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brother, and said " where is your heart now?" O'Hugh answered the signal by discharging his gun into the back of the earl who, receiving the contents, exclaimed " Lord have mercy on me," and fell dead across the threshold of his betrayer. The crime was followed up by another as revolting. On the same night, a number of Sir Phelim's own tenants and servants, who were English and Scotch, were massacred by the same abandoned band of ruffians. Among the murdered was a son of Sir Phelim's, whose mother was an Englishwoman.
This tragic incident took place 1 st March, 1641. A curious story is told by Lodge or his commentator, from some old book. We shall add it here in the words of the teller. On the perfidious visit of Sir Phelim which we have just described, when the company were met, "The Butler, an old and trusty servant, remarked that the assassin with his accomplices and the noble family, made up the odd number of thirteen; and observed with dread and concern, that the murderers had often changed their seats and their countenances, with the exception of the bravo himself, who kept his place on the left hand of lord Caulfield as he was wont to do, being an intimate acquaintance. The butler took an opportunity, whilst they were at dinner, to acquaint his lady with the causes of his uneasiness; telling her that he dreaded some direful event. She rebuked his fears, told him he was superstitious, asked if the company were merry, and had every thing they wanted. He answered that he had done his duty; they all seemed very merry, and wanted nothing he knew of but grace; and since her ladyship was of opinion that his fears were groundless, he was resolved, through a natural impulse he felt, to take care of his own person. And thereupon instantly left the house, and made the best of his way to Dublin."*
Such was the first exploit of Sir Phelim O'Neile. On the same, night many similar successes were obtained, but none by means so base. From Charlemont fort O'Neile proceeded to Dungannon, which he surprised and seized without any resistance; the castle of Mountjoy was surprised by one of his followers; Tanderage by O'Hanlon; Newry was betrayed to Sir Con Magennis; Roger Maguire, brother to lord Maguire, overran Fermanagh; lord Blaney's castle, in Monaghan, was surprised by the sept of MacMahon, and the lord with his family made prisoners by the MacMahons. In Cavan, the insurrection was headed by Mulmore O'Reily, sheriff of the county, and all the forts and castles seized by the posse comitatus, under the pretence of legal authority and the king's service. His example was followed by the sheriff of Longford. Insurrection had not as yet put forth its horrors, neither had its vindictive spirit been inflamed, or the fanaticism which was to infuse its fiendish character at a further stage as yet been called into action. It was as yet an insurrection of lords and gentlemen; nor is there any reason to believe, that any thing more was designed by these, than a partial transfer of property, and certain stipulations in favour of the church of Rome.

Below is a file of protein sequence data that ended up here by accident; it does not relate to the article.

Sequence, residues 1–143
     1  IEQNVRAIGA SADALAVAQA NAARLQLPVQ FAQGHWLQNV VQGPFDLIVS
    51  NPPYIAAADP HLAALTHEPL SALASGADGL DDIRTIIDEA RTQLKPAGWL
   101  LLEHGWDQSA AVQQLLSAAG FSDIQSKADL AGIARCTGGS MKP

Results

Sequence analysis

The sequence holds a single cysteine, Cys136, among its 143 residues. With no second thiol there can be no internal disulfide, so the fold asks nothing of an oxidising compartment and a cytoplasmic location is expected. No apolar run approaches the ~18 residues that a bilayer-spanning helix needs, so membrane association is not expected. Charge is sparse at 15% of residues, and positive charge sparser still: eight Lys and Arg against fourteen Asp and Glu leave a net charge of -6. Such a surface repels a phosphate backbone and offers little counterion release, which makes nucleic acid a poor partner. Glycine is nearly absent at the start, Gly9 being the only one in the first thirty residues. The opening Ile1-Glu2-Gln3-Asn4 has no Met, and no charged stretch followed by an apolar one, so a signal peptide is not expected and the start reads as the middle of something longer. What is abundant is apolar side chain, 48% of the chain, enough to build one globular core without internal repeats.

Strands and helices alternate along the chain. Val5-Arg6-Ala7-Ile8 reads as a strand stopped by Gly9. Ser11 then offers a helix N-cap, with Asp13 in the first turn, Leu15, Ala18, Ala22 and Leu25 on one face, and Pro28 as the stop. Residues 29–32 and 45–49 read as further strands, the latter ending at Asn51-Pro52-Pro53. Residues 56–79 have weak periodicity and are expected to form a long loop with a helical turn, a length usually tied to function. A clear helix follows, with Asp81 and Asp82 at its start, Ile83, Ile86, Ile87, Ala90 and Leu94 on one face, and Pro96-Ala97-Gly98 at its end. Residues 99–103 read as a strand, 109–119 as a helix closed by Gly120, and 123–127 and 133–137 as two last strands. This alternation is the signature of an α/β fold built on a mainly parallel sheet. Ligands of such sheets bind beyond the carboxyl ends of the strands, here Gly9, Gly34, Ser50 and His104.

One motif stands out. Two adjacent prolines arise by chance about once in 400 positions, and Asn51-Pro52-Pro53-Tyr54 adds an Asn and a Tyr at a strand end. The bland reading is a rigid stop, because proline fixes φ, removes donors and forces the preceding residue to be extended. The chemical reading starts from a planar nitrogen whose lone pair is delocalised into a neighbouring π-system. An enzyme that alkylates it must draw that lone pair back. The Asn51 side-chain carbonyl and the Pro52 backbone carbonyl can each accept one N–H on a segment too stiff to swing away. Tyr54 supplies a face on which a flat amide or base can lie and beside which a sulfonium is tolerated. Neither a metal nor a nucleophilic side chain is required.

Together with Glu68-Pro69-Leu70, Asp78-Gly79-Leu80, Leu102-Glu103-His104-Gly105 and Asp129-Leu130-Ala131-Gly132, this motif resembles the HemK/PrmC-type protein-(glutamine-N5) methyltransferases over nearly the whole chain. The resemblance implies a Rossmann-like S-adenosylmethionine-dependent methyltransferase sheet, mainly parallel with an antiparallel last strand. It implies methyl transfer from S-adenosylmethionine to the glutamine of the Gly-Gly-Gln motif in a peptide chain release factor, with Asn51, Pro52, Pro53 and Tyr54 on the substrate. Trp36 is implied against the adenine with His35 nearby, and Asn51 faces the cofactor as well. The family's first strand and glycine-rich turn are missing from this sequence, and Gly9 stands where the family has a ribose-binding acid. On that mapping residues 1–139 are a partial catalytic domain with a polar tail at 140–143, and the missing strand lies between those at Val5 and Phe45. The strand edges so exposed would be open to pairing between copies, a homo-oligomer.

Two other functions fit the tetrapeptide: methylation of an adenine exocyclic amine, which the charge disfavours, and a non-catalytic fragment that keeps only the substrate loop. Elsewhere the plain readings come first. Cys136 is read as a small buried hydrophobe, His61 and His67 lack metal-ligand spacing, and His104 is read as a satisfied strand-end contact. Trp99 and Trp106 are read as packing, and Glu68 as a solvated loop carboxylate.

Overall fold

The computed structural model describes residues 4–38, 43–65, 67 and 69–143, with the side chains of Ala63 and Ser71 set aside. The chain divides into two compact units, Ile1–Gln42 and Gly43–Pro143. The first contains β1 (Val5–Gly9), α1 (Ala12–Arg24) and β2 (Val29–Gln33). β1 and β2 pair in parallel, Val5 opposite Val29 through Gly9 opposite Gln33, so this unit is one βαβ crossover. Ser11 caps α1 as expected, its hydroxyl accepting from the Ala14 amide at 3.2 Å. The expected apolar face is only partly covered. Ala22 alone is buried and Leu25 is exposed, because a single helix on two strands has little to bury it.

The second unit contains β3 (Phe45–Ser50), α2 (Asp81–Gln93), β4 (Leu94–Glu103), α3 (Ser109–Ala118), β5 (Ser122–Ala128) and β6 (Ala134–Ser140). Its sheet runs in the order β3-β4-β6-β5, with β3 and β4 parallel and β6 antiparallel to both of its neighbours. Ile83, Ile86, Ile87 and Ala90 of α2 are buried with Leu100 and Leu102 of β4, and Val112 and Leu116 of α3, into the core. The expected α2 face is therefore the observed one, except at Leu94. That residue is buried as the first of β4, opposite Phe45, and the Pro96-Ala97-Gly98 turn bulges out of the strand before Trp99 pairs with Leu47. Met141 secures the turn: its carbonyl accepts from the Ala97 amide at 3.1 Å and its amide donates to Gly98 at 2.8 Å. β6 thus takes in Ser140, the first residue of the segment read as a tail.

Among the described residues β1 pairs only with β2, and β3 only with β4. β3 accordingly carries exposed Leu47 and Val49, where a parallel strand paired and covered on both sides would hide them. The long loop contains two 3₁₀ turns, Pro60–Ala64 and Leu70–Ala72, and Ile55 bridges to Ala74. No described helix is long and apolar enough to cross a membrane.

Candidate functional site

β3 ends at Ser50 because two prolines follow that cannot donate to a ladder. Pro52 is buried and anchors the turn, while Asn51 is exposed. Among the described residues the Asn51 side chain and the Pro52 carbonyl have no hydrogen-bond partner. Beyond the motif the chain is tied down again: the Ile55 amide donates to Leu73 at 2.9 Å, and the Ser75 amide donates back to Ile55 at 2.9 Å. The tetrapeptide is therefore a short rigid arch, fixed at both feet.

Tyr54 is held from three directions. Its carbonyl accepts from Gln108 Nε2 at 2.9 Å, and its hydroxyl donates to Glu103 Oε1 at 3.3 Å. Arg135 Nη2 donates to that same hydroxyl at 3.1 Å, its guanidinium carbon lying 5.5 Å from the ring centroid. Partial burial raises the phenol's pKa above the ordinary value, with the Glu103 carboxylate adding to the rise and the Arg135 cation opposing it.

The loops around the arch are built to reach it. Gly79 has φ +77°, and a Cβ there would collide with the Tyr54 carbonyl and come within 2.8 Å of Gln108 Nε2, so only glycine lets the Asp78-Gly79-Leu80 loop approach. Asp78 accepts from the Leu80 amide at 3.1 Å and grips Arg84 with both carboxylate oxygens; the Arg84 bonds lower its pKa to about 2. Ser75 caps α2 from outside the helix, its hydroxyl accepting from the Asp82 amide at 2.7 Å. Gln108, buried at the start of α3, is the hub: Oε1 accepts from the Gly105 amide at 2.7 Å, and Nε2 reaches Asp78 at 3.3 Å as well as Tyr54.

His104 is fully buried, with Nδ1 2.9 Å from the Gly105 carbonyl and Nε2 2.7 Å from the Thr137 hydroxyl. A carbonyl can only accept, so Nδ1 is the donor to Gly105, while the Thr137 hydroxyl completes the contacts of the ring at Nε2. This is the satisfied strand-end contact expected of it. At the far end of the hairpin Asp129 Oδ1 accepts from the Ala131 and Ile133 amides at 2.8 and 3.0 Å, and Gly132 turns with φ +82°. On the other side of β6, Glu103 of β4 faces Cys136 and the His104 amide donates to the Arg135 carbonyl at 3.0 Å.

By these successes, Sir Phelim soon found himself at the head of an
army of 30,000 men, and of ten counties. On the 5th of November, be took up his head quarters at Newry, and endeavoured to give a legal colour to his conduct, by the declaration, that he took up arms by the authority, and for the service of the king. To authenticate this pretension, he exhibited a parchment to which he had cunningly appended a great seal, which he contrived to obtain while at Charlemont fort, from a patent of lord Charlemont's. This fact was afterwards proved, both by the confession of Sir Phelim, and by the production of the very patent a few years after, in a lawsuit in Tyrone assizes, where the marks of the seal having been torn away, together with an indorsement to the same effect, confirmed this statement.*
In the mean time, no measures of a sufficiently decisive nature were taken against the rebels. The lords-justices appear to have been infatuated by some fallacious security, and perhaps were diverted from a sense of their danger by interested speculations of the future consequences of rebellion. Such speculations are, indeed, but too likely to have arisen; for it was only the after events of the long civil wars in England, that prevented the rebellion of 1641 from following the ordinary course of former rebellions. But so far were the lordsjustices from manifesting any true sense of the emergent position of events, that they not only acted remissly themselves, but interposed to prevent the activity and courage of such noblemen and gentry of the pale as were inclined to arm in their own defence. The earl of Ormonde volunteered his service, and pressed earnestly to be allowed to lead whatever men they could spare him against the rebels. This was not acceded to; and the lords-justices, pressed by the remonstrances of every loyal tongue, contented themselves by sending a regiment to the relief of Drogheda, which was then besieged by 4000 rebels.
The English parliament was still less desirous of giving peace to Ireland. The rebellion favoured their views, and could, they knew, be suppresed whenever it suited their own purposes to send an army into the country. It gave them, however, a pretext for the levy of men and money to be employed against the king, and of this they availed themselves largely.